Driving through Glen Shiel last week, heading towards the LAMM event centre, we were met with ominous clouds, drizzle and some very big hills. Despite the dramatic surroundings my mind was still elsewhere, however this would soon change. A bit of discomfort and physical pain in a beautiful setting was exactly what I needed!
The basic premise of the LAMM is it's a 2 day foot race across rough terrain for teams of 2. Teams have to be self-sufficient, carrying all kit (food, tent etc). When you cross the start line you're given a map and a list of check points and details of the mid camp. The check points have to be reached in order but you can choose the best route between points. The harder the Class (Elite, A, B, C, D) the further the distance, higher the ascent and greater the route choice. Once you reach the mid camp, eat and rest as much as possible. On day 2 you have to do it all again!
We were entered into the D Class. Which is the shortest and easiest course and literally a 'walk in the park' compared to the A and Elite courses. Those guys are super human but back to walking in the park. Despite the warnings of strong winds, heavy rain and potential wintery flurries we had perfect conditions. Cool and clear, enough wind to keep the midges at bay, a little boggy under foot but still run-able if the legs allowed. We even had a brief snow flurry on day 1 to make carrying the heavier kit worth it.
To cut down the effect of following a snaking trail of competitors the organizers go to great lengths to mix the different courses up, giving different start points and times to teams. D Class was bused down the road to the Cluanie Inn and then the fun started.
This was our third mountain marathon together and we've managed to work out how not to 'debate' navigational 'choices' and how not to get too distracted by other teams. There's always the temptation to follow others or make your route choice fit what others seem to be doing. But you're never sure if people are on the same course as you or if they actually know anymore than you!! (most do though!)
Day 1 involved a few river crossings and lots of rocky contouring. Our biggest hill of the day was Beinn-an-t-Socaich, just short of a Munro but I'm not going to complain about not having enough ascent! The mid camp was bathed in sunshine when arrived. So with the tent up and food on the boil we got to stretch out and relax in the warm afternoon rays.
The atmosphere was friendly and it was great chatting to other teams and seeing the crazy routes that the tougher courses had taken. As the green sea of Terra Nova tents grew the temperature began to drop and competitors continued to run in. By 7pm the organizers announced the details for the following days 'chasing start'.
If you finish within 90 min of the course leader then you qualify for the 'chasing start'. This means you set of at intervals relating to your finish time, therefore who ever crosses the line first is the winner. To add to the excitement you have to wear a number so everyone can see where you are in the line up.
To our surprise we'd just managed to sneak into the 'chasing start' by about 2min! Neither of us wanted to risk embarrassment and be told that the numbers don't go down to 30 or that it was mistake, but encouraged by our neighbours we queued up and collected our number. A very proud moment! But now the pressure was on. As we were going to be one of the last teams in the staggered start we'd have the advantage of being able to see other competitors but also the worry of being shamefully late back to the event centre. Our plan was to try not to loose any places and savour the moment of actually being in the chasing start.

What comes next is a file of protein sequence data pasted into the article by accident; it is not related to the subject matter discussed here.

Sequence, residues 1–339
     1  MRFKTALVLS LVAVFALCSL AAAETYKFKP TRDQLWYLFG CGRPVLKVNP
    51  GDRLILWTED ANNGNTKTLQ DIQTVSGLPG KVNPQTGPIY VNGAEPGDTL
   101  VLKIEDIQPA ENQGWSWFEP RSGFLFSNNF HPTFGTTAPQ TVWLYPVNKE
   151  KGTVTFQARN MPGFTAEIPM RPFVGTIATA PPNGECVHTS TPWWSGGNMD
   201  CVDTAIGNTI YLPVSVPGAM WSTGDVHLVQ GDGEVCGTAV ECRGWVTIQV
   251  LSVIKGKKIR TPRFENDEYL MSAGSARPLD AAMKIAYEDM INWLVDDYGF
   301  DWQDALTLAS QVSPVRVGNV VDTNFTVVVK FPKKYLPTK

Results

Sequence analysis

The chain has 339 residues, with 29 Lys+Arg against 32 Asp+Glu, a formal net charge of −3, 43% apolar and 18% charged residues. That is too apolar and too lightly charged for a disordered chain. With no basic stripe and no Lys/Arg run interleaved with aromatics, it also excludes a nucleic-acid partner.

As is tradition we were woken up with the sound of bagpipes at early o'clock. I'd not slept that well due to being a little cold but despite that we both felt pretty good. After braving the trench toilets it was time to line up and start 'racing'.
On reaching the first check point D28 came over a hill from a totally different direction to us. This would set the mood for the follow hours. We constantly leap frogged each other and would often loose sight as we would chose to contour and they opted for the up and over. Two hours in we passed D26, we couldn't believe it, we were actually racing in a mountain marathon, and it felt fantastic.
We were feeling confident that we'd gained a few places and would be able to finish before D28 who by this time had become our main competition. It didn't matter that neither of us were on for a podium position, we were in our own race within a race. Then the realisation that we'd made a crucial error. The same error that we made last year in fact. We'd incorrectly marked the final check point and were over 400m metres out.
D28 confidently ran passed us as we re-marked and double checked the grid reference. It was hot and we had both been popping glucose tabs for the past 45 mins. The final decent had turned our legs to jelly. Salt was stinging our faces and we had no water left. It was less than a mile to the finish and our competition was still within sight.
That's when my competitive streak kicked into over drive. I grabbed Jane's hand and literally dragged her towards the finish. We managed to catch them and as we passed I think Jeremy (D28) wanted to do the same with Johanna (D28). He obviously thought better of it. I on the other hand was willing to risk my relationship to gain that extra place!! Jane thanked me afterwards.....
We crossed the line in 24/106 place and 5/20 female team. An unexpected result and we couldn't be more pleased. We sat with Jeremy and Johanna scoffing complementary Wilfs and dissecting our personal race. Thanks to them for great running on the Sunday and thanks to the LAMM team for another excellent event.